Over the past couple of months, I’ve talked with friends and colleagues about differing aspects of their ministry. For some reason, it seems to have been a particularly difficult time for some of them. Either a staff member has gone and done something rash or a congregation member has made an effort to draw them into a confrontation. In each of these cases, the ordeal has been relatively minor but my friends have wanted to leap into action to either defend something or someone and turn a molehill into a mountain.
My advice — ministry is often more like baseball than football.
Yes, yes, I’m using a sports metaphor. I’m a guy and it’s often what guys do. But really, here are the comparisons:
1) Baseball requires much strategy.
Football is very simple — move the football from here to there and you score. It’s mostly about brute force and quick action. While it can be those things, baseball requires a bit more finesse. Example — do we swing for the seats or bunt to move the runner? Church work is much the same way. Like the home run ball, you will want to plan and execute the big moments of ministry and knock it out of the park. But, mostly, it’s the day to day moments of simply trying to get a single congregation member to make that connection to God via the word — i.e. the ministry “bunt.” Simple, but calmly spectacular.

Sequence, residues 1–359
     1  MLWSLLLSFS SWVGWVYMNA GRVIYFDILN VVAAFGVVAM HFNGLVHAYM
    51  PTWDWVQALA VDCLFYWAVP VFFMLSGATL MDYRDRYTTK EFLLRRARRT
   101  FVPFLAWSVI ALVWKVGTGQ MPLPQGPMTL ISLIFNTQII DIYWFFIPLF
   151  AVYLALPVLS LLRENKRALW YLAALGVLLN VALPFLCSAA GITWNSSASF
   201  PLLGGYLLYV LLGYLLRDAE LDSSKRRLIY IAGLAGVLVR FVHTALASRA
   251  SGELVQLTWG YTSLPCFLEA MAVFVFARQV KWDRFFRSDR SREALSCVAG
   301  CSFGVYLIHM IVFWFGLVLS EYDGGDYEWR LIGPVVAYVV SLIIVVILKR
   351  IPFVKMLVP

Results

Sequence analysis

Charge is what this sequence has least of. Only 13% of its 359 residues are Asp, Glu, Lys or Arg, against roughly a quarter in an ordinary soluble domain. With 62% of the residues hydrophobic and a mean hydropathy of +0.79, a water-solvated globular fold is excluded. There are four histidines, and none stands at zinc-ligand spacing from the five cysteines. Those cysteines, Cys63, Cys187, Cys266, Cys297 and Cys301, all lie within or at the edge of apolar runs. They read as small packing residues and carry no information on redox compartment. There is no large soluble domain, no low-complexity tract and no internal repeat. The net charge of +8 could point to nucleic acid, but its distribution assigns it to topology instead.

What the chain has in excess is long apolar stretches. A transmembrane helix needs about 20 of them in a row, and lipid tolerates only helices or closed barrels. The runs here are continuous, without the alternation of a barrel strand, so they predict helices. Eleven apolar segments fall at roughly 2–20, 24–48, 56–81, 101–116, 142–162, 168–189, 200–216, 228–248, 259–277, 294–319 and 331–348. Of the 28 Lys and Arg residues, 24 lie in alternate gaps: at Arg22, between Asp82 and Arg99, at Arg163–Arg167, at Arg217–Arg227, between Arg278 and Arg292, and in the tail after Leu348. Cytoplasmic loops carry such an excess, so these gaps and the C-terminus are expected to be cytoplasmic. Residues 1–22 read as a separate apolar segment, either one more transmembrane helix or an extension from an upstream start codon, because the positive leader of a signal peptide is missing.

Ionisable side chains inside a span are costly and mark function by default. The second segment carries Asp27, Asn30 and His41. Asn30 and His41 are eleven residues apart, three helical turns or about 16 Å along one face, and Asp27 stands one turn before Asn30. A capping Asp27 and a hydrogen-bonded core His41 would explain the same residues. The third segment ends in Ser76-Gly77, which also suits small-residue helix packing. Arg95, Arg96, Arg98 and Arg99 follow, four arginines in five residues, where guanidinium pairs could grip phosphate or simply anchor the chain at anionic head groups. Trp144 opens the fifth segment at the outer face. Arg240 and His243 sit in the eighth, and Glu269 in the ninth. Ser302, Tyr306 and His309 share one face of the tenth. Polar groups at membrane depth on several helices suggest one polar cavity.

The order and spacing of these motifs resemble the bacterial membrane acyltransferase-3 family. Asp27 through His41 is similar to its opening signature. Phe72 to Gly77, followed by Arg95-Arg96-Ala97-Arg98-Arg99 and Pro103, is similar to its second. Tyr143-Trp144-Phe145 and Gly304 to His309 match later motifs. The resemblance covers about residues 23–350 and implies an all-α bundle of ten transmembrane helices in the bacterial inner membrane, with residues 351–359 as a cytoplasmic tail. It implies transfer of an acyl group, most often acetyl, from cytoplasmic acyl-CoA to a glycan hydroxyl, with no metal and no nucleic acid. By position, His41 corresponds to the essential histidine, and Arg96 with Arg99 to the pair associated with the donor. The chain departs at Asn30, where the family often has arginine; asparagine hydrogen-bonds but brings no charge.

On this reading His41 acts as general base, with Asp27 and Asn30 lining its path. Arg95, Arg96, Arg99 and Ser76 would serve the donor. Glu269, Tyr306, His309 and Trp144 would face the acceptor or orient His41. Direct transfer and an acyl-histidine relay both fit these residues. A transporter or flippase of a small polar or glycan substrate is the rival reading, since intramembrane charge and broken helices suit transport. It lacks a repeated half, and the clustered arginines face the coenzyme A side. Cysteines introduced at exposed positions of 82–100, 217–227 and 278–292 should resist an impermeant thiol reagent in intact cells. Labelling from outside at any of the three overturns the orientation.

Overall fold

2) You don’t have to swing at every pitch.
In football, you have to continually move the ball, time is rigidly kept, and other than TV time outs, the game moves strongly forward. In baseball, the batter will wait for his pitch. In the church, people will often try to goad you into reacting to a point — swing at a pitch. But, for the maximum impact or to execute a plan, you have to wait until the pitch is just in the right place to bring your point (runner) home. Don’t be baited. Calmly wait until it’s the right time.
3) Read the signs and signals.
In football these days, plays are relayed in via headset. In baseball, the insiders give a series of rudimentary signals and such to keep the players informed but also to keep the other team a bit off balance. In church ministry, once your team (staff) know what pitch is coming, they can be ready to deal with action and reactions of those you are trying to motivate and move. You get your team on the same page and the game moves along smoothly and chances are, you will be on the winning side.
Church ministry: mostly, it’s baseball and not football.